Tuesday, October 31, 2006

The Derb on Religion

With thanks to Andrew Sullivan for pointing it out, I really enjoyed John Derbyshire's column about his religious feelings. I think most people in America today tend to conflate conservatism and religion -- if you're conservative, you're religious, and you can't have one without the other. I think that's pretty clearly false. Derbyshire's a staunch (to put it mildly) political conservative, working for one of the most conservative magazines in the country. And yet, he admits to not being a Christian or even religious in a traditional sense. PZ Meyers, on the other hand, is a militant atheist and about as left-wing a guy as you'll find. I've known many very religious Christians who were rabidly left, and others who were rabidly right.

Anyway, here are a few excerpts from the column that struck a chord (all emphasis is mine).

Again, it made me realize how perfectly natural religion is. We have a religious module in our brains, and with little kids you can actually watch it waking up and developing, like their speech or social habits. The paradox is, that to the degree that you see religion as natural, to the same degree it becomes harder to see it (and by extension its claims) as supernatural.
...
I can report that the Creationists are absolutely correct to hate and fear modern biology. Learning this stuff works against your faith. To take a single point at random: The idea that we are made in God’s image implies we are a finished product. We are not, though. It is now indisputable that natural selection has been going on not just through human prehistory, but through recorded history too, and is still going on today, and will go on into the future, presumably to speciation, either natural or artificial. So which human being was made in God’s image: the one of 100,000 years ago? 10,000 years ago? 1,000 years ago? The one of today? The species that will descend from us? All of those future post-human species, or just some of them? And so on. The genomes are all different. They are not the same creature. And if they are all made in God’s image somehow, then presumably so are all the other species, and there’s nothing special about us at all.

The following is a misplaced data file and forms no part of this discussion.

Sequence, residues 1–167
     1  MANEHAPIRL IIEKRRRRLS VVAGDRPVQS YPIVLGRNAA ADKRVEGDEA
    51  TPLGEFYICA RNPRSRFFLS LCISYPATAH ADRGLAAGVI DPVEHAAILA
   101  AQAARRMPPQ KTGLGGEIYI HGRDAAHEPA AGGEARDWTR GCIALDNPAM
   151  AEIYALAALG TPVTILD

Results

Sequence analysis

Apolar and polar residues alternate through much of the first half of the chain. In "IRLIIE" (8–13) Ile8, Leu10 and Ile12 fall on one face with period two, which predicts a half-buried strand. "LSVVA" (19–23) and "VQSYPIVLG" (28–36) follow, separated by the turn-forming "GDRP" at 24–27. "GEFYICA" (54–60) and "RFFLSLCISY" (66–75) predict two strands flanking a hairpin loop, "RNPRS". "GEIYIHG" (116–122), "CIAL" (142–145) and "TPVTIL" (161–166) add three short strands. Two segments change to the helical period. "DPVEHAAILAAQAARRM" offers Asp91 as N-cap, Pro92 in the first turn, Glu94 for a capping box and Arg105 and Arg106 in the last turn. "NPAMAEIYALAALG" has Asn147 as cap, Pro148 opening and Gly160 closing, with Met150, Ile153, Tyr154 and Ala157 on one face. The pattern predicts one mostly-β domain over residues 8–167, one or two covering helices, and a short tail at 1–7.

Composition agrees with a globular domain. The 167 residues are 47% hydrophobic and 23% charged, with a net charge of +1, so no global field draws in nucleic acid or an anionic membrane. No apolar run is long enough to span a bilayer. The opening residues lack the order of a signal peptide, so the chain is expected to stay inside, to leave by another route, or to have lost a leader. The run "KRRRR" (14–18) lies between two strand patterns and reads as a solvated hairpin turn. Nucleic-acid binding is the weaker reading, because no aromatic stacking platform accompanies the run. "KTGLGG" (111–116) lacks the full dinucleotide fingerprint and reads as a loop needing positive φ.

But doesn’t the I, the Me, that I mentioned earlier — the self-awareness that we humans uniquely have — doesn’t that make us special? Do tigers, toads, and ticks have an I? Do they have a connection to the Creator? I don’t know. Perhaps they have a fuzzier one — perhaps higher animals, at any rate, see through a glass as we do, but more darkly. In any case, that only makes us special in the way that an elephant is special by virtue of having that long trunk — more exactly, the way the first creatures who were able to register visible light as images were special. We are part of nature — an exceptionally advanced and interesting part, but… not special.

....

I have now come to think that it really makes no difference, net-net. You can point to people who were improved by faith, but you can also see people made worse by it. Anyone want to argue that, say, Mohammed Atta was made a better person by his faith? All right, when Americans say “religion” they mean Christianity 99 percent of the time. So: Can Christianity make you a worse person? I’m sure it can. If you’re a person with, for example, a self-righteous conviction of your own moral superiority, well, getting religion is just going to inflame that conviction. Again, I know cases, and I’m sure you do too. The exhortations to humility that you find in all religions seem to be the most difficult teaching for people to take on board. Mostly, I think it makes no difference.
...